Chances are, with all these preparations, nothing at all will happen. The power might blink. A neighbor might lose a shingle. Most likely we will get the proverbial (pardon the language but it’s how it’s done here)shit-ton of rain, and that means all the septic tanks and drain fields will overflow and the neighborhood will smell pretty funky for a couple of weeks. (shit-ton is more apropos than I realized just then!)

#4 cautioned me about being a little hyperactive about getting ready, perhaps even bordering on paranoid. But you know what? If it does go down big, guess who’ll be prepared? If the roof blows off my house and everything is ruined and I need a place to go, the car gas tanks are ALL full and I can go to Alabama and take the dogs with me. Plus extra people if I have to.  If it turns into a stiff breeze and a 10 minute loss of internet service, then call me paranoid because I don’t care.

I like the feeling of purpose that comes from preparing for a disaster.  Ok #4 just informed me if disasters happen he’s staying here and organizing his boy scout troop for disaster relief help. Good lad! I’m so proud of him! There are plenty of people with whom he could stay, starting with the scout master.

I went out this morning because it occurred to me that I had no candles nor lamp oil. Apparently that occurred to everyone else yesterday, because there was none to be had. Oh well, I thought, I’ll just sit in the dark. Due to a funky aroma from under the sink, I went scrounging for the bleach and came across. Lo! Behold! A 1/2 gallon of lamp oil! Enough to fill up 4 oil lamps! No matches, but #4 has several lighters and a whole bottle of lighter fluid. So, between those, the gas stove, and all that water, we’ll do fine for long enough to get somewhere else if necessary.  Prescriptions have been refilled so I’ll be good until November with those. Check, check and check.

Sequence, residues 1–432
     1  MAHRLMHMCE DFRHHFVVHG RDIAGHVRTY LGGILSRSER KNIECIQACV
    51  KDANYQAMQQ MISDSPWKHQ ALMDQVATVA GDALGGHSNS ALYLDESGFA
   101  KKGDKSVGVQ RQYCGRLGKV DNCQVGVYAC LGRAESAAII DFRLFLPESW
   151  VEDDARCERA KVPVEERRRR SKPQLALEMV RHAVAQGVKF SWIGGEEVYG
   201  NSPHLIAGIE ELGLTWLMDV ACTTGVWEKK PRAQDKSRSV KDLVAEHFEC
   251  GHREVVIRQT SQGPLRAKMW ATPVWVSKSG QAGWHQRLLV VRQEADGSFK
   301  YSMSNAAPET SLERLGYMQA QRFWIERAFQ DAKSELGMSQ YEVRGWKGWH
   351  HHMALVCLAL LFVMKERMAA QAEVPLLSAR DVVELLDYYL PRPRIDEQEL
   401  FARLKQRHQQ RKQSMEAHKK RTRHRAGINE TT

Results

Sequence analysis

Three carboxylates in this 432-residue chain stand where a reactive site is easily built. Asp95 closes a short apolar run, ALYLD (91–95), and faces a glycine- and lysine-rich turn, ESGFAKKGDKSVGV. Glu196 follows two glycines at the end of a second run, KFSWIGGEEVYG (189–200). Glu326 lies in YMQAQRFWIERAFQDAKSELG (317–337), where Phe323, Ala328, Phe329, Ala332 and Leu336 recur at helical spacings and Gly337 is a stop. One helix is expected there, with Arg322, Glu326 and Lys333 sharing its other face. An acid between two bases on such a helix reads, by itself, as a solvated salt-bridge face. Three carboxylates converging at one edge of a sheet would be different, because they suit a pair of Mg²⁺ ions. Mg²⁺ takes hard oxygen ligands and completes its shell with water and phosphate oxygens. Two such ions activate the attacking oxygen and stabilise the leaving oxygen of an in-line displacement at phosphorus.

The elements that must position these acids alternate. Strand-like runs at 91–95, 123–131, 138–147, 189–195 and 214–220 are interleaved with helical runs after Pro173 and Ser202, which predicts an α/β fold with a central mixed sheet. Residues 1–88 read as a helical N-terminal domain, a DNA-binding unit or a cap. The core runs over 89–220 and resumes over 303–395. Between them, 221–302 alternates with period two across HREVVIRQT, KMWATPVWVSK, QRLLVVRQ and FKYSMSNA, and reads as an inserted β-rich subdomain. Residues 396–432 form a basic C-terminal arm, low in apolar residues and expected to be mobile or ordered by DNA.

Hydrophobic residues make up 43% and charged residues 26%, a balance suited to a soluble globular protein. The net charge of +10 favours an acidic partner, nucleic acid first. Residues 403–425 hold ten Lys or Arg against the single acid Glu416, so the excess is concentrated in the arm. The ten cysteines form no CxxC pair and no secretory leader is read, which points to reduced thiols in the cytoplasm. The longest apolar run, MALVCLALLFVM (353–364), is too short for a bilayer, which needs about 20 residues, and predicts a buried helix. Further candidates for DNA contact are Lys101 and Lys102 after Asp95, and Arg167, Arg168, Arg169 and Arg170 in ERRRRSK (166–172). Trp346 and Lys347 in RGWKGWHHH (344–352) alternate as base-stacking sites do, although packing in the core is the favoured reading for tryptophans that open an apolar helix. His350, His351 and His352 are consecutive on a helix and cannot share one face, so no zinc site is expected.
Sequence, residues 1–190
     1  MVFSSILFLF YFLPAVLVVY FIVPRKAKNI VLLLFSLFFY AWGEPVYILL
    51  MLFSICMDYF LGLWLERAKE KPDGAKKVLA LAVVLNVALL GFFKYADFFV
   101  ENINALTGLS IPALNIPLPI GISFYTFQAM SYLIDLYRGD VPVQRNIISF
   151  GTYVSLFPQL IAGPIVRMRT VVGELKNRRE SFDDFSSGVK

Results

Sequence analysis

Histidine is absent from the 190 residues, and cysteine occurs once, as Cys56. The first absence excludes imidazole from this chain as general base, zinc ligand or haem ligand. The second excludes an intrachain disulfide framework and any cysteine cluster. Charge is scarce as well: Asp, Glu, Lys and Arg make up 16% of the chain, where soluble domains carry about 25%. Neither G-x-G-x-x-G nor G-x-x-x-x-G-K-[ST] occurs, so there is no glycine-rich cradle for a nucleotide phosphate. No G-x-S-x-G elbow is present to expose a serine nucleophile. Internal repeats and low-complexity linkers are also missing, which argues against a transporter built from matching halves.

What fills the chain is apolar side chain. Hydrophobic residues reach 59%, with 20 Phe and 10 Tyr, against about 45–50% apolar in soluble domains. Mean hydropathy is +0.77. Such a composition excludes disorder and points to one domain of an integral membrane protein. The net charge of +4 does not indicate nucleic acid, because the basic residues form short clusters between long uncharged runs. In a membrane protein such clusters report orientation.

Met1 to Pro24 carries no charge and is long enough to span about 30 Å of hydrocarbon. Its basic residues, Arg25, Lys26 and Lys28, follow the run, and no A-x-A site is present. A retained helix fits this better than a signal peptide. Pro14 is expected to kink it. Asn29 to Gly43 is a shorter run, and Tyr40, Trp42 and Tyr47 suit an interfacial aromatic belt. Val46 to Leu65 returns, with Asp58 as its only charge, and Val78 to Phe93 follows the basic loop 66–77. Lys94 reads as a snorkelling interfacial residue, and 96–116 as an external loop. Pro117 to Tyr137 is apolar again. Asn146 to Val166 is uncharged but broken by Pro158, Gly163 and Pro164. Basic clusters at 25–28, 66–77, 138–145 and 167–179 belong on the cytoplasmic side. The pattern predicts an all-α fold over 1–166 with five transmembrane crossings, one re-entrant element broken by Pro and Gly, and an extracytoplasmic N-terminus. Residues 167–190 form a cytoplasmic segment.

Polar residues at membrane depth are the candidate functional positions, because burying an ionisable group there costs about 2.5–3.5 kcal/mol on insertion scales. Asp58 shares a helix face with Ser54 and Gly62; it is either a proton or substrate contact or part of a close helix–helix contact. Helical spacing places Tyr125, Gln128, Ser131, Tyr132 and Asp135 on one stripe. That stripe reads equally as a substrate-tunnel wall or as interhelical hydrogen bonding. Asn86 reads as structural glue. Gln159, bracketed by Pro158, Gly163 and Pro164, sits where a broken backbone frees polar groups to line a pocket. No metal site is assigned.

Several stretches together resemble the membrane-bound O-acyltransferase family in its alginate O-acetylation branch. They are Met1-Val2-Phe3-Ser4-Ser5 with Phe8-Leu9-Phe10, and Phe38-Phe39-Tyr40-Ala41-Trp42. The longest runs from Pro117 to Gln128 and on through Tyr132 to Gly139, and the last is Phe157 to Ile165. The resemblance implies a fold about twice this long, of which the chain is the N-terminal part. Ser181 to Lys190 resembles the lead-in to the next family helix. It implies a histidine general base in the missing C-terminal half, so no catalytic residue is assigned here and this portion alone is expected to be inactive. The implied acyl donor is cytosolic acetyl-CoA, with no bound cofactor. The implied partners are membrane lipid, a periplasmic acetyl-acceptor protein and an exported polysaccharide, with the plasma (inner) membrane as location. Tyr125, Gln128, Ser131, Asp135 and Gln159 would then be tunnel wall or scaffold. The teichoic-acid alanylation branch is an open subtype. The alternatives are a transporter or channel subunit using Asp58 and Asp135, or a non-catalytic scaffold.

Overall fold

It’s supposed to hit sometime tomorrow night. I’m thinking we will sleep downstairs in case the roof gets ripped off or a pine tree flies through a second story window. We have a couple of exceedingly comfortable recliners excellent for sleeping in. If there are extra people here, we have some twin mattresses that can be dragged out as well.